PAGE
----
Even though no Disney relationship is smooth from start to finish, true love does exist. But contrary to popular belief, it isn’t seamless. I mean, did you see those flaws?! Take another read. I’ll wait. Our beloved heroines must have a lot of grit to put up with those shenanigan for a full 120-minute movie – let alone for life! Turns out, finding Prince Charming isn’t about high standards, impossible expectations or the perfect smoulder. It’s not even about love at first sight! Shocking, right? (Don’t tell Snow). Love is about finding someone who completes your story – no matter the time, no matter the cost. So how do you find that one special person, you ask? Well, it starts with one very easy step.

Give him a chance.

Is Romance a Dying Art?

Every so often, when I’m looking to unwind, I throw on my Frank Sinatra Pandora station and let the smooth kings of croon carry me away. But then, the other day, a truly captivating song struck my fancy. It was “A Kiss to Build a Dream On” by Louis Armstrong. As I listened carefully to the words, it got me thinking about a few things, namely romance. But first, have a listen for yourself.

Now, let’s slow it down and look at those lyrics.

Give me a kiss to build a dream on,
And my imagination will thrive upon that kiss,
Sweetheart, I ask no more than this,
A kiss to build a dream on.

Give me a kiss before you leave me,
And my imagination will feed my hungry heart,
Leave me one thing before we part,
A kiss to build a dream on.

Have you ever heard anything so charming in your life? If you’re a twenty-something like me, probably not. It’s not exactly news that modern music doesn’t carry the same love-struck chord that it did in the fifties, but just how far have we strayed? For comparison sake, let’s take Britney Spear’s newest hit, “Werk B****.”

You wanna hot body,
You want a Bugatti,
You want a Maseratti,
You better work b****.
You want a Lamborghini,
Sip martinis,
Look hot in a bikini,
You better work b****.

Maybe I don’t actually want a Maseratti. Maybe what I really want is old-school, heart-felt romance. Maybe I want Louis Armstrong. Long gone are the days when love was enough to pay the bills, and now it’s all about “jet planes, islands, and tigers on a gold leash,” or so says Lorde. Of course, marvelous love songs still exist today, but they’re seldom chart-toppers. They say that pop culture is a mirror to society, and if that’s the case, then doesn’t this deficiency of affection in mainstream music say something about us as a whole?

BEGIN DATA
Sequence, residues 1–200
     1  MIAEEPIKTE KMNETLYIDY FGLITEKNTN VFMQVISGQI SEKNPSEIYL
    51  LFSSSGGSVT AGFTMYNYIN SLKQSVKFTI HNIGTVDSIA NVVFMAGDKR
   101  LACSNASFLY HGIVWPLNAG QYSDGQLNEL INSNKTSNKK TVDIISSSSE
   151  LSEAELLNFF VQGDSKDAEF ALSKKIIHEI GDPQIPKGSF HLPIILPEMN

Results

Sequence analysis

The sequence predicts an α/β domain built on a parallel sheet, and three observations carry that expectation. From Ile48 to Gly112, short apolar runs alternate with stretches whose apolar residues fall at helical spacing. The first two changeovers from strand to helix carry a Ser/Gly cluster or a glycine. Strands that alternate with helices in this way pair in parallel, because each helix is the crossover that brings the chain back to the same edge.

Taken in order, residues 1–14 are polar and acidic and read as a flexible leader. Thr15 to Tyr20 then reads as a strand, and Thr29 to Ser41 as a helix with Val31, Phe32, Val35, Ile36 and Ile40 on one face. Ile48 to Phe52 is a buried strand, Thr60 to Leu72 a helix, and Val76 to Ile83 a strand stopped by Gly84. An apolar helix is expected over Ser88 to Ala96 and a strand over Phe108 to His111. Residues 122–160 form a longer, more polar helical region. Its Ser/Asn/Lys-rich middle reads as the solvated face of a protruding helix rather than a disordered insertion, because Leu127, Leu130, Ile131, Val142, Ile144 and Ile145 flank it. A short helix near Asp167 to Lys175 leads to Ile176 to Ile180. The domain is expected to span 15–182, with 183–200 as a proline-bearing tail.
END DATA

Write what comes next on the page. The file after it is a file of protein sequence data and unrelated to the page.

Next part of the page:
Of course, no romance is better than hollow romance. What I’m talking about is an outpouring of affection rooted entirely in genuine fondness and respect for another person. But if we did actually receive that grounded, all-in romance, would we even know what to do with it? It all reminds me of an episode of Sex and the City, where Carrie begins to feel smothered by all the grand romantic gestures of her new boyfriend. I think she sums it up best:

“We accept Tasti D-lite instead of real ice cream, emails instead of love songs, jokes instead of poetry. It’s no wonder that when faced with the real thing we can’t stomach it. Is it something we could learn to digest or have we become romance-intolerant?”


A recent article by the Huffington Post suggests that the root of unhappiness plaguing Generation Y stems from a long history of unrealistic expectations. While that’s probably true, is it possible that just this once, in regard to romance, that’s not the case? Could the problem actually be that reality is quite simply coming up short? Or, as the article suggests, are we twenty-somethings stuck in a world of Ryan Gosling, romcom-fueled unrealistic expectations?